When we’re in Baslee Mode, we pretend we’re in “Bullwhip Baslee’s House of Pain” working on a project, and he’s behind us watching what we’re doing. Trust me, if you’ve ever been to The House of Pain, you know what I’m talking about. If Robert catches you standing still not doing something, he will find something for you to do…Right now!
It’s a great incentive to start working on something. Or pretend you’re working on something. Most of the time that won’t work. He can tell when you’re stalling. He’s got the piercing gimlet eyes of a starving eagle. Remember, he built four full-scale Nieuport 17s for the movie Flyboys in only 52 days. That’s from start to first flights! Baslee Mode is his normal operating speed.
When we’re in Baslee Mode, we’re usually not really concerned with cosmetic appearances. We just want to get it done and get it in the air.
The fabric is pressed into the fresh EkoBond cement. It tacks up quickly, so there’s no real wait time between jobs.
The Kolb’s 20-year-old paint job was looking pretty seedy by now anyway. The fabric was still in excellent shape, but the paint job…well…uhhh…Scrofulous would be the best word to describe it. There were places where it was peeling, and some surface tapes had edges coming up. So, we just wanted to fix the wound and get her back in the air right now…that day…P.D.Q! We were in Baslee Mode—let the carnage commence!
The first thing I did was walk 500 feet all the way back to the big hangar to get some razor blades I’d forgotten to bring with me. I needed them to cut the fabric away from the bent tube. Baslee Mode took a hit there. On the long walk back to the Kolb with the razor blades, I was trying to think of what else I’d forgotten to bring.
Trimming very carefully, I cut the fabric away from the tube between the ribs. Then I gently pulled at the middle of the bent section to straighten it out and get ready to do the fabric patch.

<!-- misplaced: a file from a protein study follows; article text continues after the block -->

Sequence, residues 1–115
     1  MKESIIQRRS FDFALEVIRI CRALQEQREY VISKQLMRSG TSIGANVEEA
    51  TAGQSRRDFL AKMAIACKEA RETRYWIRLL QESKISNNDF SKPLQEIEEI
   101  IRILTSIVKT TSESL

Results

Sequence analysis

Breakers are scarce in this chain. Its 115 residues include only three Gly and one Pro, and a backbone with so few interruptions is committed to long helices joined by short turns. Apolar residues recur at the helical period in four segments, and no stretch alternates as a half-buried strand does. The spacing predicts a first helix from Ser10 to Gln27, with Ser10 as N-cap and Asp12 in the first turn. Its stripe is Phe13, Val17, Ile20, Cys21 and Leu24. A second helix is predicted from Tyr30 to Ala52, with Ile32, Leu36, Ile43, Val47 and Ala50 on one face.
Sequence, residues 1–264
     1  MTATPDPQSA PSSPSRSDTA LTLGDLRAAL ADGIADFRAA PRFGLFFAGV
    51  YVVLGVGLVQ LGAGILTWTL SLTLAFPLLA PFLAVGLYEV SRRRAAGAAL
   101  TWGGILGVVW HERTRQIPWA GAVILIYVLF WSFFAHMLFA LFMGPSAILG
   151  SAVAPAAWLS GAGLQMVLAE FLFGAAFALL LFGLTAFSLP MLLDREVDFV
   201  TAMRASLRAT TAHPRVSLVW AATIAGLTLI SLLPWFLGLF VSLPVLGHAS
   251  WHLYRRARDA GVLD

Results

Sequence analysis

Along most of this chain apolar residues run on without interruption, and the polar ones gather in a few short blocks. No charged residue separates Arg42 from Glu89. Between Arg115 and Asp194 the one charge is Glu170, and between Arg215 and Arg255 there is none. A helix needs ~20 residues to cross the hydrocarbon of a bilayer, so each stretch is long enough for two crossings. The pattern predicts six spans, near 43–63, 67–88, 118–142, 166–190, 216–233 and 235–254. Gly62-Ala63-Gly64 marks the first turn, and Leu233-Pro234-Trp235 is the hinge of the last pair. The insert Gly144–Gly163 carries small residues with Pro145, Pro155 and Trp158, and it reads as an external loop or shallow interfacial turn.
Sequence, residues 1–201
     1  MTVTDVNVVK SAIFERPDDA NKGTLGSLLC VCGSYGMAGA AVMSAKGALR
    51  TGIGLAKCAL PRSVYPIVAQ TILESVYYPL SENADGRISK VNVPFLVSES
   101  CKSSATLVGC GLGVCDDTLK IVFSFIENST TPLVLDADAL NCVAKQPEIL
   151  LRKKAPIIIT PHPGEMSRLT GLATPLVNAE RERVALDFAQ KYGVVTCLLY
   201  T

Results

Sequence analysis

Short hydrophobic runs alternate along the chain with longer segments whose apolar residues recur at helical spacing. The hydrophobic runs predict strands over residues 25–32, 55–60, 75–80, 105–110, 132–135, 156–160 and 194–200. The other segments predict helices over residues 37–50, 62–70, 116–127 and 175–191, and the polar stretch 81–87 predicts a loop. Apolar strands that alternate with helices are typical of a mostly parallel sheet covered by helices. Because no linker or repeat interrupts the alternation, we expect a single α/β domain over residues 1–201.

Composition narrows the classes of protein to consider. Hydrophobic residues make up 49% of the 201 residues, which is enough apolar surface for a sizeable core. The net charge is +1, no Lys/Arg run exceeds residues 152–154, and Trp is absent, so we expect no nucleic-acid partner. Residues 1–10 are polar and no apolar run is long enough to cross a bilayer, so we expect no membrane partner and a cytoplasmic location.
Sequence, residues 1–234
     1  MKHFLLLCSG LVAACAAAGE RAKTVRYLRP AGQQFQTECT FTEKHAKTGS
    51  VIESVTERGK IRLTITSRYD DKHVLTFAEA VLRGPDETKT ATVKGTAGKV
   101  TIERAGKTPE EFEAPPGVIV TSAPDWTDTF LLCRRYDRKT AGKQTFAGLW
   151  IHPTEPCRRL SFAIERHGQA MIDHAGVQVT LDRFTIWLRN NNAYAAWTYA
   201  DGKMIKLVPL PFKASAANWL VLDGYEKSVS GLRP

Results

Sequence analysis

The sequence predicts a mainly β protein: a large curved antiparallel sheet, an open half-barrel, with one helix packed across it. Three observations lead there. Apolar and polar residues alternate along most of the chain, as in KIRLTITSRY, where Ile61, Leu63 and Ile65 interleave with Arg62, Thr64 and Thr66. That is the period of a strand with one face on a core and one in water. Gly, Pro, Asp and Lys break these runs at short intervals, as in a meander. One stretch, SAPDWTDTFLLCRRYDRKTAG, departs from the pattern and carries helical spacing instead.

I’d just barely started to pull when it broke at both ends of the bend and just fell out in my hand. Baslee Mode came to a screeching halt.
“OH *&@#$*()!!!” I screamed.
“Was that a bad thing?” Sharon cheerfully chirped as she peered over my shoulder.
“Dear,” I said. “This was a very bad thing. It was the baddest of all bad things. I need a blue sky moment here.” I sat there on a milk carton and studied the shard of tubing I was holding in my hand. It had broken right at both of the holes where a rivet was used to rivet the aileron rib to the trailing edge.
Starting to duplicate the same process on the top of the aileron. You can see our fake German observation balloon in the background. It’s been flamed hundreds of times and always reappears.
Sharon went back to reading one of her steamy “bodice-ripping” novels.
I was at a loss as to what to do. Just about then, Dick Lemons came sauntering by. He’d just taxied up in his “double-wide” Quicksilver MX Sprint to fill it up with gas and take a break. He’d been giving non-stop rides to kids and their parents all morning long.
Dick looked at me sitting there holding the piece of tubing and studying the forbidding gap in the aileron. He could see I needed to fabricate a splice to go in-between two tubes that were fixed in place. Think about that for a minute. An “oversleeve” splice would work but it would show up like a diamond in a pile of poop. It would be really easy to do, too, but would be so noticeable I wouldn’t even consider it. After all, this is my Sweetie’s plane. She expects and demands only the best. Ask me how I know this!
I didn’t have a clue as to how to fix it.
Dick looked at it for a while and then spoke up. “You’re going to have to cut more fabric away. Remove the rest of the trailing edge between those two ribs where the break is. Then cut two 3-inch long pieces of that 5/16-inch tubing. Split them lengthwise. Then cut enough out lengthwise, so that when you press the split edges together you can slide them into the new piece of trailing edge you’re going to make. Splice them together and you’ll be ready to cover.”
I sat there looking at him like he was speaking in tongues.
Dick looked at me and sighed. He knew I was in deep doo-doo. “I’ll show you what I was talking about. I need to take a break anyway. Grab that piece of 5/16-inch tubing and follow me.”
Salvation was at hand. Aren’t buddies great to have around? Particularly if they know what they’re doing!
We went back to the big hangar where our workbenches are. Dick got me to cut off two 3-inch pieces of tubing. Then I carefully split them on one side lengthwise. We got out our smartphone calculators and did some ciphering on how much of the split needed to be cut out so that when we pressed them together, the diameter of the “new” modified piece of tubing would slide into the existing trailing edge tube and the new replacement piece. It took a few tries, and we tried out some new words, but we finally got them to slide together.